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Northern Ireland

MGB Technical Tip

MGB Technical Tip

Having owned various MGs for nearly as long as I have held a driving licence I have become very accustomed to the quirks they can periodically throw up, and most of which are easily rectifiable.

My current on the road MGB is one that was manufactured in 1968 and although there were no major changes to the basic B engine since the introduction of the five bearing crank in October 1964 one problem has always concerned me with the engines up to about 1970 that were fitted with the vertical oil filter housing containing a paper or other type of filter element.

The problem that I have encountered as I am sure many owners have noticed is the lack of initial oil pressure when starting the car after it has been sitting for days or weeks unused. I always turn the engine over without the choke out for what seems like a lengthy period of time trying to get the oil pressure needle to move before I pull the choke out and the engine fires this is certainly not good for the starter motor.

What happens is the oil drains out of the filter element and canister back into the sump and when starting the car from cold this unit has to refill before the oil can pass to the internal engine parts, bearings etc and this is the time when the greatest wear and tear can take place within the engine especially if the revs are lifted before oil pressure is showing on the gauge.

In about 1970 a dramatic improvement was made to the filter arrangement of the B engine by the fitment of a spin on oil filter element with a built in non return valve ( part number GFE121) and this unit allowed the oil to be retained within the filter at all times so when starting from cold the stored oil in the filter was immediately pumped into the galleries supplying the internal engine parts therefore less wear and nearly immediate oil pressure.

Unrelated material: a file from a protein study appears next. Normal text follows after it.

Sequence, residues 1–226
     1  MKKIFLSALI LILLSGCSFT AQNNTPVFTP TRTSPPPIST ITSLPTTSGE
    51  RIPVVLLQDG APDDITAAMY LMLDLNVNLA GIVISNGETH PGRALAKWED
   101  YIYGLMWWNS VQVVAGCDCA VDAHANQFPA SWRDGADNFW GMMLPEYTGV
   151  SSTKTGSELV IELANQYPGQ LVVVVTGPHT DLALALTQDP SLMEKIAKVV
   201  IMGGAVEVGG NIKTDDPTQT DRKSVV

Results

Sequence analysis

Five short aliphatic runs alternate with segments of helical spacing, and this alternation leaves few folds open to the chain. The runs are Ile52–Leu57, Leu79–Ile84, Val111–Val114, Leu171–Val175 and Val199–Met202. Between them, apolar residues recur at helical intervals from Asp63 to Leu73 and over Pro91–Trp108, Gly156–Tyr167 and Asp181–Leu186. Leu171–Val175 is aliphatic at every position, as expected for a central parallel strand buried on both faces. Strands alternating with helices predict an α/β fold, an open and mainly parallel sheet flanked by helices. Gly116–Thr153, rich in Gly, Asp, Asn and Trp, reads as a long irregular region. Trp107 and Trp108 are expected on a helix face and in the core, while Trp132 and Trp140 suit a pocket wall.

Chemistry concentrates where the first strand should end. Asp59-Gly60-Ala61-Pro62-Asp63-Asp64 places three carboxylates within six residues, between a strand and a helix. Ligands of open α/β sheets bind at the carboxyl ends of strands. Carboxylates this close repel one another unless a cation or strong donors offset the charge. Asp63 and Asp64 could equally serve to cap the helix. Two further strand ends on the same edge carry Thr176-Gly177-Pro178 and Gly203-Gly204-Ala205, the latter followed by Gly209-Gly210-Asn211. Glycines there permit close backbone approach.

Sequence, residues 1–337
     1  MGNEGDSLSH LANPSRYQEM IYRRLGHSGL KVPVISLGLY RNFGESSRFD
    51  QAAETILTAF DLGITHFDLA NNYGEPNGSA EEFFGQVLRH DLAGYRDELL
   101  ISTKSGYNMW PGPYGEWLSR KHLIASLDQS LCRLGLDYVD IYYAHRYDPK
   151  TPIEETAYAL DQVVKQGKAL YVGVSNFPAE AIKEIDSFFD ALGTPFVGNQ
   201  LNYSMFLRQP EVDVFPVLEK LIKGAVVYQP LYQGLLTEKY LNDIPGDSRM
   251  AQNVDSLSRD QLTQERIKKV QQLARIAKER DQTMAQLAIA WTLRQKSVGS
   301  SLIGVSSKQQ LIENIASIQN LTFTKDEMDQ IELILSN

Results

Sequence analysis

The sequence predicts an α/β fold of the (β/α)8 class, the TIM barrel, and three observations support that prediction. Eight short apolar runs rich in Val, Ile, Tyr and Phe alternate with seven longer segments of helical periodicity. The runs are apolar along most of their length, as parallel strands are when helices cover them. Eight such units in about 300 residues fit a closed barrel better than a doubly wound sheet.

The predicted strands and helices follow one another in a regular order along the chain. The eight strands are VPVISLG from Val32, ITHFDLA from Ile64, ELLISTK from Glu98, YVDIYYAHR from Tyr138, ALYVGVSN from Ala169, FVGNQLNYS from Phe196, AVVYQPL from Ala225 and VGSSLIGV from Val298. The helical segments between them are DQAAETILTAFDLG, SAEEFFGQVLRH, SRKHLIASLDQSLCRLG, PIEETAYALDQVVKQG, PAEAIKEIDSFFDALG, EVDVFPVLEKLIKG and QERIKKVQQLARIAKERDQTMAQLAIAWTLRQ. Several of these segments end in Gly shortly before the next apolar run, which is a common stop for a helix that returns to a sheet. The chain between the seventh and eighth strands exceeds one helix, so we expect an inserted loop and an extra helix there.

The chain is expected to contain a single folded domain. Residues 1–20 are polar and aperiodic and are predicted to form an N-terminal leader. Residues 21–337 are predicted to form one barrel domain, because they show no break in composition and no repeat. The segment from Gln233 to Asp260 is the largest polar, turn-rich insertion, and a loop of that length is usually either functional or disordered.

This spin on filter unit has also a second advantage of a very easy replacement with far less oil spillage as the non return valve holds most of the old oil within the unit when it is removed as opposed to the removal of the original canister with separate internal filter cartridge the contents of oil has the tendency to go everywhere it shouldn’t.

Having tolerated this problem since the restoration of the car was completed I decided to deal with it before the starter motor objected with over use. A spin on after market conversion unit is available from MG parts suppliers and this unit mounts directly to the block and the filter hangs downwards again retaining it’s oil content at all times and although I have fitted this to the Twin Cam engine with great success I don’t think it’s right for the B engine when another alternative is available.

So in view of this I decided the way forward was to convert the existing set up to accept a GFE121 spin on filter and a telephone call to Alan of AC Restorations confirmed he had the part in stock off a later engine but he did quiz me as to why I wanted this conversion, As I was going to collect the part anyway I Thought it sensible to let Alan fit it when there. It’s a very simple job and took less than an hour in fact the cup of tea and chat took longer and the difference it made was amazing with slightly better oil pressure and no more churning of the starter to build up oil pressure as it’s now nearly instantaneous.

Now to the purist or concours minded person this should not be done as you are taking away from the originality (always keep the original parts removed) but then owners fit radial tyres, halogen headlights, exterior mirrors, twin twelve volt batteries etc and these could all be regarded as incorrect for some cars but what an improvement for everyday motoring and I believe the safety of the occupants, reliability and health of the engine come before originality.

For my peace of mind this was a great and very successful improvement and yes I also have all the other items mentioned above fitted, my thanks to Alan Caldwell for his assistance.

 

Noel (MCOCNI)

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